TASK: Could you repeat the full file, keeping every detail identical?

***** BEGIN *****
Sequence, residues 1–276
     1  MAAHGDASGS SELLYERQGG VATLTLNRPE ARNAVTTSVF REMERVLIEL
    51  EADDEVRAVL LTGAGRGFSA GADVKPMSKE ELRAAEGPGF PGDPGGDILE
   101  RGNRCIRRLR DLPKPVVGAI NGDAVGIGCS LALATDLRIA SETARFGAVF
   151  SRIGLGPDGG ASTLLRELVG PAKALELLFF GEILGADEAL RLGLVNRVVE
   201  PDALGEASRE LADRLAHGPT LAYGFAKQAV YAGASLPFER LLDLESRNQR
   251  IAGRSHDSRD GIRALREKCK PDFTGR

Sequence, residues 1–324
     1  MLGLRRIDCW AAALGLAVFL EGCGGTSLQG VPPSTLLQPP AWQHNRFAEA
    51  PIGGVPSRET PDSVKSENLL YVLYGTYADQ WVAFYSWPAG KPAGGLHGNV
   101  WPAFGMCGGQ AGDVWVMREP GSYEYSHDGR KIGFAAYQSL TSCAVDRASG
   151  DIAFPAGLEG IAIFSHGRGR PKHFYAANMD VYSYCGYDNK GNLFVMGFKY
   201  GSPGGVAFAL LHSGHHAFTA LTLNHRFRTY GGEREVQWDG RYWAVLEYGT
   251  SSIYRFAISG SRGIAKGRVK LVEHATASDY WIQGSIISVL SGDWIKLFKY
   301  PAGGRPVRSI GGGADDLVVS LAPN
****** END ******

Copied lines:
Sequence, residues 1–276
     1  MAAHGDASGS SELLYERQGG VATLTLNRPE ARNAVTTSVF REMERVLIEL
    51  EADDEVRAVL LTGAGRGFSA GADVKPMSKE ELRAAEGPGF PGDPGGDILE
   101  RGNRCIRRLR DLPKPVVGAI NGDAVGIGCS LALATDLRIA SETARFGAVF
   151  SRIGLGPDGG ASTLLRELVG PAKALELLFF GEILGADEAL RLGLVNRVVE
   201  PDALGEASRE LADRLAHGPT LAYGFAKQAV YAGASLPFER LLDLESRNQR
   251  IAGRSHDSRD GIRALREKCK PDFTGR

Sequence, residues 1–324
     1  MLGLRRIDCW AAALGLAVFL EGCGGTSLQG VPPSTLLQPP AWQHNRFAEA
    51  PIGGVPSRET PDSVKSENLL YVLYGTYADQ WVAFYSWPAG KPAGGLHGNV
   101  WPAFGMCGGQ AGDVWVMREP GSYEYSHDGR KIGFAAYQSL TSCAVDRASG
   151  DIAFPAGLEG IAIFSHGRGR PKHFYAANMD VYSYCGYDNK GNLFVMGFKY
   201  GSPGGVAFAL LHSGHHAFTA LTLNHRFRTY GGEREVQWDG RYWAVLEYGT
   251  SSIYRFAISG SRGIAKGRVK LVEHATASDY WIQGSIISVL SGDWIKLFKY
   301  PAGGRPVRSI GGGADDLVVS LAPN